One of the more interesting problems of science fiction and fantasy is a lot of people are more interested in the war than the peace. It's a conceit of the majority of novels that everything will roughly end like WW2 where one side is dismantled completely or outright destroyed. One of my favorite early aversions was the Star Wars Legends universe where it took a couple of in-universe decades for the New Republic to make a treaty with the Empire because destroying it turned out to be harder than they thought.
The Steel Remains is the first book of The Land Fit for Heroes trilogy which is about the aftermath of a massive fantasy war. We get frequent reference to the war against the Scaled Folk, battles where dragons were slain, and all sorts of tales which indicate they had a very typical conflict between "Good and Evil." This book is not about that war.
Instead, The Steel Remains is about the aftermath of said war. The poverty, the classicism, the social changes, and the other consequences from a massive fantasy war. Ringel is a legendary military hero from the war as well as a nobleman but he's a homosexual and that puts him on the outs with the rising fundamentalist streak of society following the conflict. Egar Dragonbane is a barbarian hero in the Conan mold who finds exposure to civilization makes him ill-suited to return to his people. Archeth Indamaninarnal is a half-kiriath champion who finally answers, "So what happens when the elves finally DO leave?"
In a very real sense, The Steel Remains is a deconstruction of the Happily Ever After trope and I can say I'm inherently biased towards it because that's a premise which I've tinkered around with myself (Wraith Knight). Real life is complicated because there's no such thing as a happily ever after. World War 2 was a defining moment for the Greatest Generation but they continued their lives for decades thereafter, shaping society and themselves in ways both great as well as bad.
I've been informed by fans A Land Fit for Heroes is one of the holy trilogy of grimdark. After you read George R.R. Martin you need to read Mark Lawrence, Joe Abercombie, and Richard K. Morgan to consider yourself an "expert" in the subject of grimdark. Given I've written plenty of essays on the subject, I naturally disagree but I've got to say their recommendation here is spot-on. Richard K. Morgan is definitely an author who deserves to stand with the others as well as gives a sense of what the aethstetics for a grimdark world should be. Indeed, using those books solely as a guide you can get a functional guide to the genre as: "What happens when classical fantasy stories function more like real-life history with all the ugliness and ambiguities?"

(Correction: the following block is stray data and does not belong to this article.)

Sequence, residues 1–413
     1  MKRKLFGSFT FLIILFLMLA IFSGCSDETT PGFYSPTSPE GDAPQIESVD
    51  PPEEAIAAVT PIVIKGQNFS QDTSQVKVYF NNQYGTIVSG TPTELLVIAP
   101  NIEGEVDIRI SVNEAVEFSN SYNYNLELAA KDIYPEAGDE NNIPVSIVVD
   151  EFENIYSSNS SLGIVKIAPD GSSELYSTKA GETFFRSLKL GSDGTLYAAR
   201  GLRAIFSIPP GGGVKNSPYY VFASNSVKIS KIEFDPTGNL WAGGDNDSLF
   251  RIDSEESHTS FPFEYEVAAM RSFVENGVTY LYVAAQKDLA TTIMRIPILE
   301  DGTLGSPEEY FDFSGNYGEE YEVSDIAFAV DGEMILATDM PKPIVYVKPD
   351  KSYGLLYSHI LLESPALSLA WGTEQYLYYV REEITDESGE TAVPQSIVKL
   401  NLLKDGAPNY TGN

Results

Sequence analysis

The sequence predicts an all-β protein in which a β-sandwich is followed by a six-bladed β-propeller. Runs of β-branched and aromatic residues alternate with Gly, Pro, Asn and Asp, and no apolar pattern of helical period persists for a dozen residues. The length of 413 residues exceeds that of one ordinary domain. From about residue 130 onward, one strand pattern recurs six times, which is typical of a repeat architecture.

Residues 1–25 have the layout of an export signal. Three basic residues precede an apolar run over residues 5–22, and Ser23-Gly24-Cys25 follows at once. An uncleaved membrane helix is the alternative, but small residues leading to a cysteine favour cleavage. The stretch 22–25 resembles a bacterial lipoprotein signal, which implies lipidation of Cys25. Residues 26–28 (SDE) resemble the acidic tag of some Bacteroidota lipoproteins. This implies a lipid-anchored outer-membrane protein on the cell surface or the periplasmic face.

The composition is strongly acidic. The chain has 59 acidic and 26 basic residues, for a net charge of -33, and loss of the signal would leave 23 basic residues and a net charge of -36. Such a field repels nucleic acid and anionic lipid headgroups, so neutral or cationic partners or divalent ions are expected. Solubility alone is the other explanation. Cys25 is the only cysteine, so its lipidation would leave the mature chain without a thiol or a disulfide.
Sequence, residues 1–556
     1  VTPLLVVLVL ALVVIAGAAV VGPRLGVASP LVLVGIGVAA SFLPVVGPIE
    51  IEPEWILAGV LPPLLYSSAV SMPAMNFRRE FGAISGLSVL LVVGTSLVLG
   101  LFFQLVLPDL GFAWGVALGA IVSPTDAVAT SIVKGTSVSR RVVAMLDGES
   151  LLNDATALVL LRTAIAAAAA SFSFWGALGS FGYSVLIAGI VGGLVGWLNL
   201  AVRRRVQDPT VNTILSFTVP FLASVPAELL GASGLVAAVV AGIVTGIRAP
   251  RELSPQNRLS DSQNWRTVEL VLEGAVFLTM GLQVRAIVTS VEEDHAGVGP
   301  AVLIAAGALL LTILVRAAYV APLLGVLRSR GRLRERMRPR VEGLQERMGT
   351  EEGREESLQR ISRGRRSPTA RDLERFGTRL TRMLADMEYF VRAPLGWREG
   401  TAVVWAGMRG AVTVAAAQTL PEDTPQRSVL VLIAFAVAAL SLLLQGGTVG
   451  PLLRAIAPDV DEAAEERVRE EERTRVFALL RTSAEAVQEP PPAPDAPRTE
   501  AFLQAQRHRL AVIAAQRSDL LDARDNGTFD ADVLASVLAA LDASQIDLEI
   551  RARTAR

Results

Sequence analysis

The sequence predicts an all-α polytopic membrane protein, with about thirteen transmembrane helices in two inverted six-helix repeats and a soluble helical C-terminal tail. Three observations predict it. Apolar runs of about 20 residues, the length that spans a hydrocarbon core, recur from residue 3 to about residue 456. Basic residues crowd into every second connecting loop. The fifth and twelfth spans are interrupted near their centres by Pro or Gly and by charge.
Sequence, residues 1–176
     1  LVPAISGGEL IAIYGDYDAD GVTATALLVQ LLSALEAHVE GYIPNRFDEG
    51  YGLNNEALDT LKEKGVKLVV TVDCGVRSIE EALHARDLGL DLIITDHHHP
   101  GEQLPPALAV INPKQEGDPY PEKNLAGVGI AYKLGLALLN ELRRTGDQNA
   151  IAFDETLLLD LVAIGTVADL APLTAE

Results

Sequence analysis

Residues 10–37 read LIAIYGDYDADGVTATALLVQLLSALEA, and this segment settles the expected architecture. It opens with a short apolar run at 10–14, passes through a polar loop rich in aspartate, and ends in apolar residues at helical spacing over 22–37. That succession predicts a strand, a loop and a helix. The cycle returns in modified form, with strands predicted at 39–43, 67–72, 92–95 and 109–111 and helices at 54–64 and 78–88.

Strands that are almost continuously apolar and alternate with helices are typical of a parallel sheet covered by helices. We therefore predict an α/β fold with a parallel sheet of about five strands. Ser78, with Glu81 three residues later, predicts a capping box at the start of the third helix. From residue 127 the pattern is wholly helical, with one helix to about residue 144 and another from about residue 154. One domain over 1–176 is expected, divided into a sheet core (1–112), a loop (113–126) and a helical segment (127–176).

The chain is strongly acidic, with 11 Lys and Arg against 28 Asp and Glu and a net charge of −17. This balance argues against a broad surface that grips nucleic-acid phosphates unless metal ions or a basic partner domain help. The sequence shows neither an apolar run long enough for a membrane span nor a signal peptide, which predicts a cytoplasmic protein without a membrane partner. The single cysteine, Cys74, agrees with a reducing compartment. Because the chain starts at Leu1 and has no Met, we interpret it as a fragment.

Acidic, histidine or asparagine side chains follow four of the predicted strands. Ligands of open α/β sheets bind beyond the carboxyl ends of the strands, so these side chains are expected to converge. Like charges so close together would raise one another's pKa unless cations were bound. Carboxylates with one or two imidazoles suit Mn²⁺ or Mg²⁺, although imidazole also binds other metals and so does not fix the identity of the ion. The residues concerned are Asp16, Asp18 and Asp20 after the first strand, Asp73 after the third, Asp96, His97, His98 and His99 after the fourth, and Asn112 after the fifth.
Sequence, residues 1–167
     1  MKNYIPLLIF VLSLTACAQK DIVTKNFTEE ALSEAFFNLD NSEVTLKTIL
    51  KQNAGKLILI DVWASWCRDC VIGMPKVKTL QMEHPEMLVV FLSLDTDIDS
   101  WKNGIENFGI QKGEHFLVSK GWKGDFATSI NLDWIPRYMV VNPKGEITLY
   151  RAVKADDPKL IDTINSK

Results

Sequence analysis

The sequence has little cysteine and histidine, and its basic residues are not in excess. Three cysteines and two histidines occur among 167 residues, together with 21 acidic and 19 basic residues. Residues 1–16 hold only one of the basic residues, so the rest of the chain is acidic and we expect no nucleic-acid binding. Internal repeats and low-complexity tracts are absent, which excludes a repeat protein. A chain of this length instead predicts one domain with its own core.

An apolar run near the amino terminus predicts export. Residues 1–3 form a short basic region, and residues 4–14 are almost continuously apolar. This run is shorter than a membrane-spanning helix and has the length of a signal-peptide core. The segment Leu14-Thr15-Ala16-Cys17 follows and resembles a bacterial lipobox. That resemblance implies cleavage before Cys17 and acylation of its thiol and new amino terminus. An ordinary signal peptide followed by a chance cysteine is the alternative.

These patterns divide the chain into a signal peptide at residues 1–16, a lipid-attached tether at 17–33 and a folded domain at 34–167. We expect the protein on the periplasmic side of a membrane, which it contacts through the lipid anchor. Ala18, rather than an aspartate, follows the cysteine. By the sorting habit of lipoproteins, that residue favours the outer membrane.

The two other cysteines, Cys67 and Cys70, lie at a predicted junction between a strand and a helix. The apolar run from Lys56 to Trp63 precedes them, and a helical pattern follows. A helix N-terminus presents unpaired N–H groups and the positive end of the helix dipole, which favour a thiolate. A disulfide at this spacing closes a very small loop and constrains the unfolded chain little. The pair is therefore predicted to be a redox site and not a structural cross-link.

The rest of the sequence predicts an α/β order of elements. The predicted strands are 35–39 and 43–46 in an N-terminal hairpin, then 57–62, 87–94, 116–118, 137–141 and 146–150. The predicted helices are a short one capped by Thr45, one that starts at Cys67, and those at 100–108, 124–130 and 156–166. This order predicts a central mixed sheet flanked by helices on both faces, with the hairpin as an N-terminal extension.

Indeed, a big appeal of the book is how it displays individual people being washed along with the tide of history. Ringel is a character not defined by his homosexuality but when dealing with many of his fellow warriors, that's the only thing they care about. Egar Dragonbane finds the simple noble savage life of fiction to be boring as well as offensive while they hold their ignorance as a badge of pride. Archeth's lesbianism doesn't come up nearly as much as her race because of her political ties but the very person who protects her from persecution is a selfish monster. Like if you were friends with Aragorn but his son was Joffrey yet Joffrey was the only one who actually listened to you.
That's a special kind of hell.
The story itself isn't complex: Ringil is hired by his mother to recover his cousin, who has been sold into sexual slavery because of her husband's debts. Egar is, meanwhile, being plotted against by his jealous siblings who consider him a disgrace to their religion as well as culture. Archeth, meanwhile, wants to investigate reports of an ancient godlike race of fairy-like beings who are apparently returning after the abandoning of the world by the Kiriath. The plot is really just an excuse to explore the wonderfully dark and gritty world the author has created.
Of the three major characters I have to say I approve of Ringil the most. Not the least because it's a good thing to see a complete badass who is also gay in fiction but also because he's such a complicated nuanced character. A nobleman who has embraced every nasty gritty stereotype because if he's going to be treated like dirt by his family, he might as well be dirty. He's a delightfully anti-patriotic character as he comes to hate what his country has done to its citizens. Honestly, a few centuries later and he probably would have been an outlaw biker. I also love Archeth as she struggles to reconcile the fact the perfect Kiriath didn't accept her but the human race (mostly) does despite them being a murderous bunch of ignorant savages.
Is the book perfect? Not quite. I was taken out of the story a few times by the way the characters moved from somewhat old timey and formal talk to guttural modern world swearing. Real life people in the Middle Ages were as, if not more, foul-mouthed than Modern man but the dialogue did seem to switch between types a bit too much. A graphic sex scene between Ringel and a villain also slows down the narrative, though I suspect complaints about that may have more to do with the nature of the pairing than the fact it just occupied too much of the book. There's also the fact Egar's plot seems to be somewhat half-finished by the time he joins the rest of the group as with the events with his people seems like it should have had a bigger consequence than it did.
In conclusion, this is a great book and I have to say it's must for grimdark readers. It's a dark and seedy story with the backdrop of a war which should have initiated them all into everlasting glory but, instead, just meant they have to live in its shadow as what they fought for becomes unrecognizable.